Picture this: You’re participating in an important race — and losing — when suddenly an outside force changes the momentum so that you have a chance to come out on top. Now, picture nearly winning a race when an outside force knocks you out of place and you finish in a different position. This, by and large, summarizes the gameplay experience of one of Nintendo’s most popular video game franchises, Mario Kart.
One more scenario to visualize: Picture yourself nearly winning a race. No outside force hurts your standing on the course, and outside forces, if anything, help you finish before everyone else. The gap between first and last is so large that the audience exits before the person in last place crosses the finish line. This, while oversimplified, is how economies function in countries and communities all over the globe. And that was before the COVID-19 pandemic stratified things even more.
With economies in unstable flux after a year of quarantining, more experts are looking for different models to inform a new economy that brings equity to more people. Nature, a publication dedicated to studying the environment and researching policies that create a more equitable Earth, recently published findings from Boston University professor Andrew Reid Bell. Bell’s study looked into the ways Mario Kart’s features could actually serve as a model for a better economic future.
What the research also found is that we need are more blue turtle shells. Red shells, too. And even some lightning bolts. All of these are items in the Mario Kart franchise that confer benefits to players — and, interestingly, they’re items that need to be translated into economic policy in some way or another. Here’s what that means and how it might happen.
A Crash Course in Mario Kart’s Game Design
The first game in the Mario Kart franchise was released in 1992 for the Super Nintendo Entertainment System (SNES). In its near 20 years on Earth, its formula hasn’t changed much. Competitors race against each other, playing as some of their favorite characters from the Super Mario Bros. franchise.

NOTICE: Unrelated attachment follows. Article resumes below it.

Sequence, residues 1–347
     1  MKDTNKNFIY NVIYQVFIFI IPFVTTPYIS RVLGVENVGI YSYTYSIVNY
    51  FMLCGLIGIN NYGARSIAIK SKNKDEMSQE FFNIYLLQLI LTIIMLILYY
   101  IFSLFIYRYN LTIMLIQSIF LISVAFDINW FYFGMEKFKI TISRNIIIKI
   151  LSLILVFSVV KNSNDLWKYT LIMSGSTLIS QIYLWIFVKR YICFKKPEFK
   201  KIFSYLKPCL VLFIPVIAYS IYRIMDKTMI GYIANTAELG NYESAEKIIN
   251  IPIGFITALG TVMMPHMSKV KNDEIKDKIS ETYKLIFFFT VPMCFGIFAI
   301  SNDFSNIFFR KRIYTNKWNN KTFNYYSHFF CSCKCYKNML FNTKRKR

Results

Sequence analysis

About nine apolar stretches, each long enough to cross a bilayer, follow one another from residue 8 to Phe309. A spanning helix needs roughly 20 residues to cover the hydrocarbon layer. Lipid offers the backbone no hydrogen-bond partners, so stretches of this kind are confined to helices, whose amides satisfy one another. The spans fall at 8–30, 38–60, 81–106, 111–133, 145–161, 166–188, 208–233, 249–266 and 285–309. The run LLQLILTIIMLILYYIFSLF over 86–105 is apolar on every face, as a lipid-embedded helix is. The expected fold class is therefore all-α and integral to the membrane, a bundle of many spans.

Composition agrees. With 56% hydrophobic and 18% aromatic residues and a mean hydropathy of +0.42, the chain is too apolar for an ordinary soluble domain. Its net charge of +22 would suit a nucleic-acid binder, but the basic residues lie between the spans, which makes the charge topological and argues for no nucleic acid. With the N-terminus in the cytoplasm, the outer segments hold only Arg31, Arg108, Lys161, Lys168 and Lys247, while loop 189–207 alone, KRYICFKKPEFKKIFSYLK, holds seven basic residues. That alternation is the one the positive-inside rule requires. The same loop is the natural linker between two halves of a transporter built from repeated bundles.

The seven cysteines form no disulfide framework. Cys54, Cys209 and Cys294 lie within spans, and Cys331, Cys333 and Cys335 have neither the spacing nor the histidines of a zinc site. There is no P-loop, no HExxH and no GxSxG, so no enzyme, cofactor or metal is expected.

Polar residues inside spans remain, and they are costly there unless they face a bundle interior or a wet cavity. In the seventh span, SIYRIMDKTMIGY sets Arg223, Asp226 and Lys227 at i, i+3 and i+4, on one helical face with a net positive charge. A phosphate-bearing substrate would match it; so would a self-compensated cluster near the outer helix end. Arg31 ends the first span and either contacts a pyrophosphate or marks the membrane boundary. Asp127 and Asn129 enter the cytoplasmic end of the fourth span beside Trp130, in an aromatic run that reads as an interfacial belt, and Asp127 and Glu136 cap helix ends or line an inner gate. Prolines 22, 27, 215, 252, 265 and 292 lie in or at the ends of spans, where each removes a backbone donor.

To make the races more interesting, unpredictable and competitive, players can collide head-on into iridescent blocks that hold different items inside — items that range from banana peels that make another player spin out to speed boosts to turtle shells that make another player crash. While traveling around tracks with names like “Cheese Land” and “Donut Plains,” players also find boosts like invincibility stars and lightning bolts that make all other players shrink and slow down for a few seconds. The shell colors are bound by some key rules, too. Green turtle shells launch in whatever direction a player deploys them to, red shells travel directly to the next-closest player in range and blue shells target the person who’s in first place.
Why do these power-ups matter? Not long after playing the game, it’s not abnormal to notice a pattern in how the items are distributed. The quality, strength and type of advantageous item a player receives depends on their position in the race — but not in the way you might think. The players in the lead are more likely to receive less-helpful items like banana peels, and the players on the tail end are more likely to to receive game-changing items like lightning bolts or stars that help them advance much faster.
This system of item distribution makes it intentionally difficult for any one player to maintain a first-place lead. The game’s design also makes it possible for someone in last place to come out on top. Folks in the middle of the pack could also go one way or another.
These races, usually lasting around five minutes each, are competitive but also fun. Skill is still a factor, but when it comes to chance, the odds aren’t stacked for or against any particular player. If these races didn’t have an ending — if they just went on and on while more players joined and other players left — what would that look like? Moreover, what would a society run like that start to look like? That’s part of what Bell’s research aimed to find out — and what he discovered was that giving similar power-ups in the form of direct assistance to low-resource farmers in the developing world could help reduce poverty overall.
Rubber Band Theory: Why Mario Kart Is Fun
Let’s take a minute to discuss rubber bands. They’re made of rubber, and they can stretch out if you pull on them. Stretch a band out too far and it might break. It’s simple enough, but this everyday item makes a great metaphor. In this instance, rubber banding, or “rubber band theory,” can be applied to both game design and systems of economics.
It’s no secret the global economy is experiencing some massive shifts, especially in the wake of the pandemic. CBS News reports that from March 21, 2020 to March 21, 2021, the wealth of the world’s billionaires increased from $8.04 trillion to $12.39 trillion. One example? Jeff Bezos’ wealth rose from $113 billion to $178 billion — an increase of 54%. Few can say they’ve seen a similar increase in their own wealth, percentage-wise, particularly during the pandemic, and this further highlights how wealth gaps are growing globally.